Recognizing the Effects of Socialization


Photo courtesy of @DOTTANIMATION

Modern socialization through social media.

Thomas Gelles

Socialization is the process by which each of us is initiated into what it means to be a member of our society. This process begins the moment we are born. Studies show that female babies tend to be held more gently than male babies. Mothers tend to talk to their little girls more than to their little boys. The end result of years of this kind of socializing is that gender roles begin to feel not just normal, but inevitable.

But socialization goes beyond inculcating a binary conception of gender. Our families may teach us that certain kinds of people are more acceptable than others, because of their profession, or their appearance, or their ethnicity or race. Our peer groups may shun those they perceive as awkward or different. Our religions may teach us that only certain kinds of love are okay. Our political parties may assure us that all children should be tenderly cared for, unless those children are fleeing the violence that persists in another country.

How can we separate who we really are, from what we’ve been socialized to believe that we are? How can we even figure out what the other possibilities are out there, about who we can be, and what we can do? How do we take those first steps toward living as our authentic selves?Several people recently spoke with the Globe on the issue of socialization. The common strand through their remarks is this: stay open. Take the values that are useful and kind from those around you, and then – be brave. Dare to make mistakes. Dare to be different.

Greg Cuddy, one of the guidance counselors here at MHS, observes that one of the most important things we students can do to broaden our understanding of the world around us, is to engage in extracurricular activities. Even though many clubs can’t meet in person due to COVID, he still believes that there is much to be gained through participating in Zoom-based opportunities to interact. “Giving students and young people exposure to things that might be outside of their immediate circle helps a lot,” says Mr. Cuddy. He adds that, through extracurriculars, students can “gain a sense of self, build character, and have that excitement and passion come out.” He recalls his own sports experiences at White Plains High School as essential in making it possible for him to meet other students of varied backgrounds. Part of what that experience left him with was the desire to help build diverse communities, which is what he does now as a guidance counselor.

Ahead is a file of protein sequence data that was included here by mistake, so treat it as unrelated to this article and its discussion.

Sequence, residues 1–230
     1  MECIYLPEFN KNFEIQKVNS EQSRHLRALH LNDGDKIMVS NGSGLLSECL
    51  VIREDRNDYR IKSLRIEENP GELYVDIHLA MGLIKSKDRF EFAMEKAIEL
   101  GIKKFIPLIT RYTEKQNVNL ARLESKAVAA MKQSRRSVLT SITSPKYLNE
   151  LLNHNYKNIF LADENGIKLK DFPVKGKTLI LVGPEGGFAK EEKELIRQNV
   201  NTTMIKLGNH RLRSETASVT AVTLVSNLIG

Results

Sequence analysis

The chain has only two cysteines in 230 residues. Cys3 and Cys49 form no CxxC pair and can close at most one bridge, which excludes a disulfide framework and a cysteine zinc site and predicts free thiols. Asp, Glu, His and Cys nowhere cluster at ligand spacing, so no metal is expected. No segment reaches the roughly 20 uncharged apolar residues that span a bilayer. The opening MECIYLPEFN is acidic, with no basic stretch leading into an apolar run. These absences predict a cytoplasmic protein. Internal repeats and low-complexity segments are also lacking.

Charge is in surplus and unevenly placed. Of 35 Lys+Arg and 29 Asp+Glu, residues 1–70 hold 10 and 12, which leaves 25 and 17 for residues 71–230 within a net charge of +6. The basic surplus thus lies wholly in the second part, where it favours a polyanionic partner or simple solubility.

Being exposed to different kinds of people while growing up was also important to Karen Graubart, a historian at the University of Notre Dame. She says that her family, her peers, and her hometown all shaped who she became, noting, “My politics were partly formed by my parents, obviously. My mother was pretty liberal, and I was formed by liberal politics.” Her childhood in Queens affected her, too. Dr. Graubart explains, “Growing up in New York meant that I was exposed to people who were really different from me all the time.” She adds, “I grew up sort of thinking that I had things in common with people who weren’t like me.” Finding the commonalities she shares with others is no doubt part of why Dr. Graubart, a white atheist of Jewish heritage from New York City, now finds herself teaching at a Catholic university in Indiana about gender, ethnicity, race, and slavery in colonial Latin America.

Cliff Thompson, a Brooklyn-based writer and painter, similarly confirms the influence of place and family. In his case, though, a lack of diversity in his neighborhood may have paradoxically helped to make him a more accepting adult. Mr. Thompson recalls growing up in Washington, D.C., where, he says, “My neighborhood was all black.” There, he did not experience being targeted on the basis of being an African- American male. He feels his upbringing made it so that he is more receptive to all kinds of people, and states, “I feel that I’m probably more open to different kinds of people than I might be if I had had experiences where somebody was making fun of me because of my skin color or my hair texture or something like that.” Also, he explains how simply having an older brother who collected comic books and cartoons changed his life. Mr. Thompson adds, “I think I’m still on the path that those comic books sent me on, because I became a writer.” Like Mr. Cuddy, both Dr. Graubart and Mr. Thompson agree that their early influences shaped their receptiveness to accepting differences in others.

Mamaroneck is not nearly as diverse as New York City, or Washington, D.C., or White Plains. But neither is it monolithic in any respect. All of us have the opportunity in this town and in this school to meet people from backgrounds different from our own. Moreover, we are all within a short MetroNorth ride of midtown Manhattan and the many opportunities that are there.

We can take what’s best from our socialization and reject the rest, but first we must dare to question what we’ve subconsciously learned. To do that, it helps, as Mr. Cuddy suggested, to try new experiences with new people. We can also set ourselves the task of studying peoples who, at first glance, might seem quite different from us, as Dr. Graubart did. If we’re lucky, we can participate in a supportive community that gives us the strength to find our own path, as Mr. Thompson has.

All of these tactics for self-awareness are available to us here at MHS. We can try out new activities. We can open ourselves to new ideas and new people. We can strengthen the ties we have with those who support us.

We don’t have to live according to someone else’s conception of who we’re supposed to be. Such is the challenge, and the promise, of acknowledging our own socialization.